Under the new “rural infrastructure program,” the definition of infrastructure is broader than the overall definition. It includes high-speed internet and government-owned electrical infrastructure, whereas elsewhere in the plan, Trump wants to sell such infrastructure to the private sector.

Rural America won't have to provide the same matching funds that president wants Congress to create for the rest of the country. State and urban governments that want money under the more general program must secure and commit their own “non-federal” revenue for their projects – at least 80 percent of each project – to win funds. The rural grants require no such mandate.

Rural America needs money – but not this much. Only 19.3 percent of the population lives in rural areas – meaning a 25 percent allocation out of a $200 billion infrastructure program gives such residents 30 percent more than their fair share. Moreover, rural projects are far less complex and costly than urban ones. It costs $2 to $3 million per mile to build a two-lane rural road; in New York, by contrast, it costs $2 billion a mile to build a new subway. The latter cost is too high, thanks to too-fancy engineering of stations and inefficient state management of the workforce. But it's never going to be competitive with building a rural road that serves far fewer people.

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Building for greater density, too, even if it is more expensive, is good for the economy. Americans should of course live where they like. Yet residents of dense areas boast higher average income than rural areas, and cities such as New York and Boston, which rely on public transportation, offer more opportunities for people without high incomes.

The Trump infrastructure plan is unfair, and economically unwise, beyond money. The proposal would also cede far more control to state politicians for rural projects than for urban or suburban ones. The rural program would provide 80 percent of its $50 billion, or $40 billion, to governors, who would “have discretion to choose individual investments to respond to the unique rural needs of their states,” the proposal says.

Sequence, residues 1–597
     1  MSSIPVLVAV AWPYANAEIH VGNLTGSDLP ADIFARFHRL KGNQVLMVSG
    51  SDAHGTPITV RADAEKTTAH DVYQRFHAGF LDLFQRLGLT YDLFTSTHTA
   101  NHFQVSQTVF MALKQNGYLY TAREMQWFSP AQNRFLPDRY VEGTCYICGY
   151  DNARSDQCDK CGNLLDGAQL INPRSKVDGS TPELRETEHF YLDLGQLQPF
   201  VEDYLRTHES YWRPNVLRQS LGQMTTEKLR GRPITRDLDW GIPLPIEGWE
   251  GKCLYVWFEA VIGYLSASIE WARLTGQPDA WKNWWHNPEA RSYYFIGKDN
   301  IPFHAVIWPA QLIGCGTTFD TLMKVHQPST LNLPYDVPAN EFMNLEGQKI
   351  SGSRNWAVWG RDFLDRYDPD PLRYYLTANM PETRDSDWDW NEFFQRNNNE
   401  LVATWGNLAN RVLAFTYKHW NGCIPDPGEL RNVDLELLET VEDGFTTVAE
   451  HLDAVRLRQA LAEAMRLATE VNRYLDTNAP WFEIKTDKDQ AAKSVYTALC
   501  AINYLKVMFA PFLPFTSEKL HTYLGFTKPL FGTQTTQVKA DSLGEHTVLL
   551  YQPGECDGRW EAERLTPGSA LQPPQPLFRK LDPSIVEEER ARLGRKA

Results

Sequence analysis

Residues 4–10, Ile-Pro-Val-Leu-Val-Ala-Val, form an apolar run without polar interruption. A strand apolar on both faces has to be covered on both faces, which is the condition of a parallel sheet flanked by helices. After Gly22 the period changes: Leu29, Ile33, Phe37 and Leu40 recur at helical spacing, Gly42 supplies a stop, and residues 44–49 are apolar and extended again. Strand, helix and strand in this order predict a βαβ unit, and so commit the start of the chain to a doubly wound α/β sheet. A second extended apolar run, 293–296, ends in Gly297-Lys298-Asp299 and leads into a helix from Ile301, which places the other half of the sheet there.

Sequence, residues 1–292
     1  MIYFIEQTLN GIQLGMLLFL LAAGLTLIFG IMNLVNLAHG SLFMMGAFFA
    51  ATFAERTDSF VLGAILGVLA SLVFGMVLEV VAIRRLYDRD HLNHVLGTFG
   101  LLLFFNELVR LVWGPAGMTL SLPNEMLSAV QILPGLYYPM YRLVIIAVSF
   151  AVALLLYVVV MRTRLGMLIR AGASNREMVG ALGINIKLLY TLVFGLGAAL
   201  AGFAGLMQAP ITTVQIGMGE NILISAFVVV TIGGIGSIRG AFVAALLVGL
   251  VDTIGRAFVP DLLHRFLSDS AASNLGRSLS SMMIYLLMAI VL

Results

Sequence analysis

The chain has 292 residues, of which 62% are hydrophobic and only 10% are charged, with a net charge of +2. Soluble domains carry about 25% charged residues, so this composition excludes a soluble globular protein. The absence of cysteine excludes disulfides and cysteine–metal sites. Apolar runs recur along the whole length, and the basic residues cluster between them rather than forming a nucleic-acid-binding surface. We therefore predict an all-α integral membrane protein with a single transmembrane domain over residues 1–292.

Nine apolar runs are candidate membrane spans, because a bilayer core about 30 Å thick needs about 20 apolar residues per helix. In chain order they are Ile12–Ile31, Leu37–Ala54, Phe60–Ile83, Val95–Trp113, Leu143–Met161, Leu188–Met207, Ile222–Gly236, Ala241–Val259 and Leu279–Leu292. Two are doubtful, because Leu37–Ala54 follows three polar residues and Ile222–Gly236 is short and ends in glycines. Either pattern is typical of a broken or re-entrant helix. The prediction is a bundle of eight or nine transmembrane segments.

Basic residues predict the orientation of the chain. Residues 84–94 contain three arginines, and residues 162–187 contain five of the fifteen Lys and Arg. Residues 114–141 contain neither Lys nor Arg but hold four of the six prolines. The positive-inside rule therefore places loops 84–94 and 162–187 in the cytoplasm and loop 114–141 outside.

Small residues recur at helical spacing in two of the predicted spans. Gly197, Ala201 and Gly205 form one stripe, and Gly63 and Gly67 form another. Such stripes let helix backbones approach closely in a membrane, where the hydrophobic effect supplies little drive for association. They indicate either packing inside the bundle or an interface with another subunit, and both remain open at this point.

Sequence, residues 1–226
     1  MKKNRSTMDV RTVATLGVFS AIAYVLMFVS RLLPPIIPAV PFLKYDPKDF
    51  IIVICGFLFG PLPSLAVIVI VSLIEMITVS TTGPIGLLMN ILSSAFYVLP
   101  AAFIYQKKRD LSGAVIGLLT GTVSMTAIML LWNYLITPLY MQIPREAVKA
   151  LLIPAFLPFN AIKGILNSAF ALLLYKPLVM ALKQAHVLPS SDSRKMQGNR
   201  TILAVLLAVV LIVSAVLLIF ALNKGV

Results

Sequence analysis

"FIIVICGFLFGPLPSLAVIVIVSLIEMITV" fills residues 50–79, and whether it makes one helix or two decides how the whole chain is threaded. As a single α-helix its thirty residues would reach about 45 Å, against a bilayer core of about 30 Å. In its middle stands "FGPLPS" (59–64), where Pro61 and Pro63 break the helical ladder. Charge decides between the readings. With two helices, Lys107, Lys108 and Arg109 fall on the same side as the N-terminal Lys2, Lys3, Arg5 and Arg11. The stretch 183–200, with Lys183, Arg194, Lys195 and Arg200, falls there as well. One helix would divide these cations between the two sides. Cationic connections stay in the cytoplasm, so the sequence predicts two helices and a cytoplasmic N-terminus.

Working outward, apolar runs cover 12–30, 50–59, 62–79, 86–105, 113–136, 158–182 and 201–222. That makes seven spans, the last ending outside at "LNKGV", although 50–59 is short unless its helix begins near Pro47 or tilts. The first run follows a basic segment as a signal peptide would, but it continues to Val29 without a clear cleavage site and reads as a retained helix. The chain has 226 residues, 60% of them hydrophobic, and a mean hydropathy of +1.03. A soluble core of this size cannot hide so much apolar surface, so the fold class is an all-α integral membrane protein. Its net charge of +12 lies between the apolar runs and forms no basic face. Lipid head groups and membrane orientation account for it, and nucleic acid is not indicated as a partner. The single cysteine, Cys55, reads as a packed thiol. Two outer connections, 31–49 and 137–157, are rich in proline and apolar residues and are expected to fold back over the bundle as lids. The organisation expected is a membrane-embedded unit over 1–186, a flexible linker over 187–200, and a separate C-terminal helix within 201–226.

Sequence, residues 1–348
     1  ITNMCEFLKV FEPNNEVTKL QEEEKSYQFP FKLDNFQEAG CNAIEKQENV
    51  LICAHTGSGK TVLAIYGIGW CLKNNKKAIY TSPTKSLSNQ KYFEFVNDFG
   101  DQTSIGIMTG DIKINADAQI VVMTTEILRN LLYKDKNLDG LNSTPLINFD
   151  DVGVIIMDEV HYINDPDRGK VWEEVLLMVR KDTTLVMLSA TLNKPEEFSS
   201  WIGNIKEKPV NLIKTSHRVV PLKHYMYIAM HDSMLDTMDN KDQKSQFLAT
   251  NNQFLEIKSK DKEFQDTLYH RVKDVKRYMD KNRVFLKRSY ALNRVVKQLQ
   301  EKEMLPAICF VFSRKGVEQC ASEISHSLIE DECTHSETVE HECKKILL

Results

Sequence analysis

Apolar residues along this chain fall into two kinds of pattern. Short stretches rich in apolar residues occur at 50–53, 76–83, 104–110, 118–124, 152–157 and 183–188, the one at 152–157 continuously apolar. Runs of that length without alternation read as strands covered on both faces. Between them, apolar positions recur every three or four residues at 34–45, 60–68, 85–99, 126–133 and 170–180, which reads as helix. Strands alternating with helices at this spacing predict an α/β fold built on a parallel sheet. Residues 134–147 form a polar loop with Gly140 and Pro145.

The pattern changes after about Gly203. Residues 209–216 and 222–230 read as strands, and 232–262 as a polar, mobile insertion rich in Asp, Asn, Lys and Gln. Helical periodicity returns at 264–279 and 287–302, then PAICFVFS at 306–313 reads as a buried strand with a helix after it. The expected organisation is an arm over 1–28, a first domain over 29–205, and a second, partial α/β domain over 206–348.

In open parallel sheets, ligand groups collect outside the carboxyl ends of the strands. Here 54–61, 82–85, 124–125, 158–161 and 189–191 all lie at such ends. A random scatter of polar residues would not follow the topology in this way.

That's a stark contrast with the larger $100 billion program for everyone else. For the bigger program, the federal government, not governors, will decide which projects to fund under a complex, likely manipulable formula involving predictions about matters such as “the incorporation of new and evolving technologies” – sometimes a good thing and sometimes not in the real world – and “economic and social returns on investment.” Yet officials in urban areas often govern more people than entire states. The mayor of New York City has 8.5 million constituents, more than each of all but 11 states.

This strategy might be forgivable in a different context. Wealthier areas of the country have long subsidized poorer ones via the federal tax code, and this program would be no different. The difference today, though, is that the new federal tax law, signed last December, makes it far more difficult for states such as New York and California, and the cities within them, to raise money on their own, if they want to improve their infrastructure despite the paucity of federal funds on offer. Limiting the ability of wealthier individuals to deduct their state and local taxes to $10,000 annually will make raising state and local tax rates, and even maintaining existing rates, much harder.

The infrastructure proposal, then, would force richer urban areas to pay for poorer rural areas' infrastructure – even as it makes it harder for them to fund their own projects. Sure, the proposal has some merits, including the streamlining of permitting. But the overall philosophy outweighs those merits.

Nicole Gelinas is a contributing editor to the Manhattan Institute's City Journal. Twitter: @nicolegelinas